Lao Tzu mural second Chinatown painting vandalized in two weeks

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      For the second time in two weeks, a mural in Vancouver’s Chinatown neighbourhood has been badly vandalized with graffiti.

      The painting at the corner of Pender Street and Gore Avenue covers the entire west side of a building there that borders a vacant lot.

      It depicts Lao Tzu (also known as Laozi), a Chinese intellectual and poet who lived during the Zhou Dynasty sometime between the 6th and 4th centuries B.C. He is best-known for founding Taoism, a Chinese philosophical tradition.

      The Lao Tzu mural in Chinatown was completed in 2010.

      According to, the Lao Tzu mural was designed by Kenson Seto and painted by Ali Li and Falk. It was completed in October 2010.

      A quote of Lao Tzo’s appears in the mural’s top-left corner.

      “It takes knowledge to understand others, but it needs a clear mind to know oneself,” it reads. “It takes strength to surpass others, but it requires a strong will to surpass oneself.”

      The damage was noticed on Monday, September 21. Lindsay Brown and Jane Shi were among several people who saw what had happened and subsequently posted photographs of the mural on Twitter.

      The graffiti that now covers the mural stands more than 20 feet tall and conceals much of the original painting with messy black lettering that loosely resembles the word Americas.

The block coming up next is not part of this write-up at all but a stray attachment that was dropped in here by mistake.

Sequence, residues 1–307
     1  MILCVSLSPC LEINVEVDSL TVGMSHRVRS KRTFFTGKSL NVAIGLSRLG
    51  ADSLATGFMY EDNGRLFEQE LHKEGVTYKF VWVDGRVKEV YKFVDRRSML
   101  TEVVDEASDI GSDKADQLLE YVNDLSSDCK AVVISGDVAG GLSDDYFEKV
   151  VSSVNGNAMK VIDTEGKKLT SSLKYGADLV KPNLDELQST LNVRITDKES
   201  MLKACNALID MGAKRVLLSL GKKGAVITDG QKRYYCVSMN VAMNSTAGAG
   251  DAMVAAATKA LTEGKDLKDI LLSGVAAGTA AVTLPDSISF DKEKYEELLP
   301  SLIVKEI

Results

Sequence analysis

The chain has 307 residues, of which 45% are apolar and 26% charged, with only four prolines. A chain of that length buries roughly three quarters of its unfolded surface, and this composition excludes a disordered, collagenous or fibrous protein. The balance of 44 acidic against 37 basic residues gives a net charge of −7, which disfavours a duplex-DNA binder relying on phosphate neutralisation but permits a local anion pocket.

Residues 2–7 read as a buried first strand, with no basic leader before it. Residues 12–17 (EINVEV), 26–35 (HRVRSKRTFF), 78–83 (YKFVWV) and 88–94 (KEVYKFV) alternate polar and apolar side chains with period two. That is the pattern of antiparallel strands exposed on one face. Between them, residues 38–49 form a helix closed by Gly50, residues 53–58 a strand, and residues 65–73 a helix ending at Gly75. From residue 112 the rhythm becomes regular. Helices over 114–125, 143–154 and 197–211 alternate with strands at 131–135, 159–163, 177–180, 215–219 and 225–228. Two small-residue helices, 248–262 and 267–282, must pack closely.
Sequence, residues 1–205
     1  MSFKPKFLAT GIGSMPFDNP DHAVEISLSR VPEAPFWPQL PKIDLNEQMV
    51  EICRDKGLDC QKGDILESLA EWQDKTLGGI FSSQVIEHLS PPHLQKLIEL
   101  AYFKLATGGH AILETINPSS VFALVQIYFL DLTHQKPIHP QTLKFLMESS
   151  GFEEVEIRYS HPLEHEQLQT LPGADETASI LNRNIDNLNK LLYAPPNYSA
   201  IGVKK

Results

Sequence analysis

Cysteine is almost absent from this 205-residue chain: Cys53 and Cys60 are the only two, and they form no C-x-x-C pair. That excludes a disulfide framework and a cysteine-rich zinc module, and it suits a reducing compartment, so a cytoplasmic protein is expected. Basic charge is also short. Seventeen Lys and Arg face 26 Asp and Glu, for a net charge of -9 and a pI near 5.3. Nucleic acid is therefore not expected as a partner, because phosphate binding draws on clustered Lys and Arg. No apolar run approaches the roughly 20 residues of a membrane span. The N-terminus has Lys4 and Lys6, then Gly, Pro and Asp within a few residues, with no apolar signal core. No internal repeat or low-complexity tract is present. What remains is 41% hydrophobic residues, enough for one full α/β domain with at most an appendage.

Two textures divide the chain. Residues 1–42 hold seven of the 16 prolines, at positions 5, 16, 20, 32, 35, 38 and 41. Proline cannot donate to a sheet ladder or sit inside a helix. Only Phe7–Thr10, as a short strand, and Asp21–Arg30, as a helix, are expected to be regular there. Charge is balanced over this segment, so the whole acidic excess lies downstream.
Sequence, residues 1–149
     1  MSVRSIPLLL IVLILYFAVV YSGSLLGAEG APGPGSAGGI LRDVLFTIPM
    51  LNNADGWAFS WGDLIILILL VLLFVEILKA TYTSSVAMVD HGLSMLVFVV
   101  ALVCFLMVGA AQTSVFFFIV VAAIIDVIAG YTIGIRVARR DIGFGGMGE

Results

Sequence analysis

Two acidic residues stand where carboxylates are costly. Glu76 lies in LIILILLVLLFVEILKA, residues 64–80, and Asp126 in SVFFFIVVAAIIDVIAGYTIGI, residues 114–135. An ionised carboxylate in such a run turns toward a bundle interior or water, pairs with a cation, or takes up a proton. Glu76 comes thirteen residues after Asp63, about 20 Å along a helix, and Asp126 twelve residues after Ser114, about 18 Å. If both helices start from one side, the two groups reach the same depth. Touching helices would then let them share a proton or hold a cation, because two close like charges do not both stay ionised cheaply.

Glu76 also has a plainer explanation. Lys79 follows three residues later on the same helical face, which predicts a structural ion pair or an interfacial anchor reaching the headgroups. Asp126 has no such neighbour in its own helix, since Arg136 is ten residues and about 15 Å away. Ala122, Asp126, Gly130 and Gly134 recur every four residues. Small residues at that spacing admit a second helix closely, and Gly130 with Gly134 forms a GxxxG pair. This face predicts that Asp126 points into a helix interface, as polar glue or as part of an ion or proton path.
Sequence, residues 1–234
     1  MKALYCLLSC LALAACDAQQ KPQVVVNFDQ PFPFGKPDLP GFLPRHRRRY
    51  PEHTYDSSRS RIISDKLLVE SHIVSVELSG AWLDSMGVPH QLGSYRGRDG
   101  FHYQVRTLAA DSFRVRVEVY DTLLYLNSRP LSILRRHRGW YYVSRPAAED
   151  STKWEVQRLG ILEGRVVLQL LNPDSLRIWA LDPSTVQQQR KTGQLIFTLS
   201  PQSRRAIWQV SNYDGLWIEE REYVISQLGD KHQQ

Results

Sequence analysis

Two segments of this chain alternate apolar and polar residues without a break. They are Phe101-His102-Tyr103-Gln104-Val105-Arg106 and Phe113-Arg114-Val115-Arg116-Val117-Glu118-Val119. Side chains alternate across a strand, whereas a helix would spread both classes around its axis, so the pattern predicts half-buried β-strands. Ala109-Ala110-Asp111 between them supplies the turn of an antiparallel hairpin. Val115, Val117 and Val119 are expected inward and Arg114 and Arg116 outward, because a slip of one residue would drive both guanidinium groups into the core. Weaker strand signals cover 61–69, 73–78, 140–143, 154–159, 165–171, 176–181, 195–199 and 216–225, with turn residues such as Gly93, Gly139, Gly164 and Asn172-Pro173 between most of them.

This second act of vandalism follows a similar incident that occurred earlier this month and just a few blocks away.

      A mural celebrating Chinese Canadian history at the corner of Pender and Columbia streets was recently defaced by graffiti.
      Richard Marquez

      On September 8, the Straight reported that someone had defaced a series of historical murals located at 490 Columbia Street near the corner of Pender.

      Titled “A Snapshot of History”, those Vancouver Chinatown murals stand in recognition of Chinese Canadians and those communities’ contributions to British Columbia.

      Those paintings at Columbia and Pender have since been restored.

      It is unlikely anyone will go to the same trouble to repair the Lao Tzu mural at Pender and Gore.

      In addition to the damage being on a much larger scale, the mural will soon be concealed by a new residential tower that’s planned for the vacant lot over which Lao Tzu looks west. In March 2015, Vancouver city council approved the rezoning of 450 Gore to allow for the construction of a six-storey tower that will include units marked as affordable housing.

      The Straight explored graffiti culture in Vancouver in a 2010 cover story. That article discussed how public murals deter illegal graffiti because most street artists do follow their code of ethics. It found the City of Vancouver actually has data proving a sanctioned mural will result in the surrounding area seeing a decline in illegal tagging.

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